Merkel: IAEA, Iran not progressing

Latest sanctions prompted a deterioration in relations.

July 21, 2010 17:22
1 minute read.

IAEA. (photo credit: Associated Press)


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Iran is not working seriously with the International Atomic Energy Agency in discussions over its nuclear program, said German Chancellor Angela Merkel on Tuesday.

Reuters reported that speaking at a news conference in Berlin, Merkel said she viewed the outcome of negotiations with Iran with skepticism, given the lack of progress made so far.

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Unrepentant Iran derides sanctions
'Iran amassing enriched uranium'

Last month, Iran announced its parliament was working on a "top priority bill" which would limit the country's ties with the IAEA. According to the Islamic Republic News Agency, the move came as a response to the new sanctions imposed on the Islamic republic.

"The bill to revise Iran's relations with the IAEA is being drafted," the news agency quoted Iranian foreign policy chief Alaeddin Borujerdi as saying.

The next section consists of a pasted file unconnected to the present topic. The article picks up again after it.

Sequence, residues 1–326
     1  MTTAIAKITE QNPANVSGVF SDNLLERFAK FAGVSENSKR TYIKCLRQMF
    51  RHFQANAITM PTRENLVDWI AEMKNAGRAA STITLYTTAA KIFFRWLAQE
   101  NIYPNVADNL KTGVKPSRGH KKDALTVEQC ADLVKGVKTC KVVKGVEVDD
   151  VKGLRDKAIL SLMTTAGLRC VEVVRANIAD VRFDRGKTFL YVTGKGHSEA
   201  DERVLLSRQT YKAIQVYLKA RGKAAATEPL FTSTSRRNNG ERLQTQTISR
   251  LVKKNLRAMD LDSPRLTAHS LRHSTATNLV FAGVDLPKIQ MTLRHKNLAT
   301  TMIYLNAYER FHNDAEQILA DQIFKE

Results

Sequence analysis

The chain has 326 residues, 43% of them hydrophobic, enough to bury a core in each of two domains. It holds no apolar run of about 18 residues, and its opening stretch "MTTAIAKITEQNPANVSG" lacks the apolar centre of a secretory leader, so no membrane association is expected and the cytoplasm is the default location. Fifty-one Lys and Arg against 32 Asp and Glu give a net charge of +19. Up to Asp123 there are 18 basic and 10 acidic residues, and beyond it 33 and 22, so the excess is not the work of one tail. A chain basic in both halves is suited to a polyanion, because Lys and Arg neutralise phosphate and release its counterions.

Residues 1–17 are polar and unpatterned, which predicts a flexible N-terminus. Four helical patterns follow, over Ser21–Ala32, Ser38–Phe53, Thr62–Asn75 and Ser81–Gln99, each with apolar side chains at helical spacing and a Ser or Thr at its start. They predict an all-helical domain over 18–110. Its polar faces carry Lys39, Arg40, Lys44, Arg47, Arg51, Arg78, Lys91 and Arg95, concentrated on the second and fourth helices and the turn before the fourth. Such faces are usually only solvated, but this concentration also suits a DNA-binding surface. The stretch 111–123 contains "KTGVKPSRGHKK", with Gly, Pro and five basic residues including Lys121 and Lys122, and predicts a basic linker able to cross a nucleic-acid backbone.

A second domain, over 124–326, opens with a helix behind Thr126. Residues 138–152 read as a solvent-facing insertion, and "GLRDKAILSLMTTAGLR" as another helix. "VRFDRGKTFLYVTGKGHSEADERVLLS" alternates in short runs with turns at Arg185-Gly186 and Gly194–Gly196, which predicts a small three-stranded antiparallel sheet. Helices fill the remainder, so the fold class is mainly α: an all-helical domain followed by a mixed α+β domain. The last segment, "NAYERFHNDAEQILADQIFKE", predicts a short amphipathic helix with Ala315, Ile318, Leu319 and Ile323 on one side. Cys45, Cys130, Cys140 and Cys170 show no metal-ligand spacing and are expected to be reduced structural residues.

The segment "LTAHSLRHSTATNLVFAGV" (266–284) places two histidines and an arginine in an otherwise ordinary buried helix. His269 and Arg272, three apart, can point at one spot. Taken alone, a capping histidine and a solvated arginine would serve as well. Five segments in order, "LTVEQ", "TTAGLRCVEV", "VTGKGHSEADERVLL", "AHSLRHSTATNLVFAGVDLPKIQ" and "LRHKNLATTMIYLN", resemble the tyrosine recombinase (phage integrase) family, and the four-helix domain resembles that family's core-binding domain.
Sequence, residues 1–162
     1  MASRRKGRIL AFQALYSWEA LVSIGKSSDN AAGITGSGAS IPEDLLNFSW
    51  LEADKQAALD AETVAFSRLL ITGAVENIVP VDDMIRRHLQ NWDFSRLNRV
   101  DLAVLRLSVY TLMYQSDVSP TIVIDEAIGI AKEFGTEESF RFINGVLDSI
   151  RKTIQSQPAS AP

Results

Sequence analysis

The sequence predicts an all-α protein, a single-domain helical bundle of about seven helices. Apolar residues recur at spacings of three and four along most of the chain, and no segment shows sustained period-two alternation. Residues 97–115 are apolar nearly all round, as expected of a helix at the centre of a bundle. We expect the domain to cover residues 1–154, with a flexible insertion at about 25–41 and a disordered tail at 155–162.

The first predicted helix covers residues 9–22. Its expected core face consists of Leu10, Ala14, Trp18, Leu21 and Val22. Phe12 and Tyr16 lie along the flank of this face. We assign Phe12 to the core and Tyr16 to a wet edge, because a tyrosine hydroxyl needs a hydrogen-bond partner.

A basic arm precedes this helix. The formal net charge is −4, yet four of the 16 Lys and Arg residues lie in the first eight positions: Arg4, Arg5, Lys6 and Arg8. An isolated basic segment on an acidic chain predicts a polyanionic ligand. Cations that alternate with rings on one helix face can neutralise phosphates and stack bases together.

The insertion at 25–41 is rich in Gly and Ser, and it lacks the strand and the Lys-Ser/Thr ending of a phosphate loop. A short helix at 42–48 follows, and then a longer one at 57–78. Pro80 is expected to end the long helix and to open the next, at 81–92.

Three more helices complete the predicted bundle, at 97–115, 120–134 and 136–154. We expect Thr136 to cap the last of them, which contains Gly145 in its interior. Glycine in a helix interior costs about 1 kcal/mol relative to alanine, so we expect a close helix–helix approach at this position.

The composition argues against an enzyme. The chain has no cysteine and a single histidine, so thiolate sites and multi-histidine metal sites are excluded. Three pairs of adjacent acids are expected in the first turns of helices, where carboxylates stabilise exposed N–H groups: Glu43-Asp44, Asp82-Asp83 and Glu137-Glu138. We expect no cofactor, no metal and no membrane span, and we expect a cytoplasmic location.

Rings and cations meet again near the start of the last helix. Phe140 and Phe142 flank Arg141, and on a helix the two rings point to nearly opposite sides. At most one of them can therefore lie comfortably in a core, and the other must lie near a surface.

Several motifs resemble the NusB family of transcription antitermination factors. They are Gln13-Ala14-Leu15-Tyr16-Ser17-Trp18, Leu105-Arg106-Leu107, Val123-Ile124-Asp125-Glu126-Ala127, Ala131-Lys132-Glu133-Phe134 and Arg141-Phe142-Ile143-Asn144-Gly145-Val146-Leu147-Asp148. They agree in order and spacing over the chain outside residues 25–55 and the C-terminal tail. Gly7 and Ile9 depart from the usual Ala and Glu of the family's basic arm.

Iran has remained defiant in the wake of the latest round of sanctions, passed in June.

Iranian President Mahmoud Ahmadinejad dismissed the sanctions as “annoying flies” that were as useless as “used tissues.” Other officials said Iran would not halt its uranium enrichment.

Alaeddin Boroujerdi, the head of the Iranian parliament’s powerful National Security and Foreign Policy Committee, described the sanctions as “political, illegal and illogical” and said lawmakers would quickly “begin a revision of Iran’s relations” with the IAEA. He did not say what options were to be discussed but a revision could result in restricting IAEA inspectors’ access to Iran’s nuclear facilities.

Iran’s Foreign Ministry spokesman, Ramin Mehmanparast, said imposing new sanctions “is not constructive, and will destroy the grounds for solving the current crisis” with the West.

Iranian officials said the new sanctions will do little more than harden the country’s resolve to move ahead with the nuclear program. Iran says the program is aimed at peaceful uses while the US and other Western nations strongly suspect it is aimed at developing weapons.

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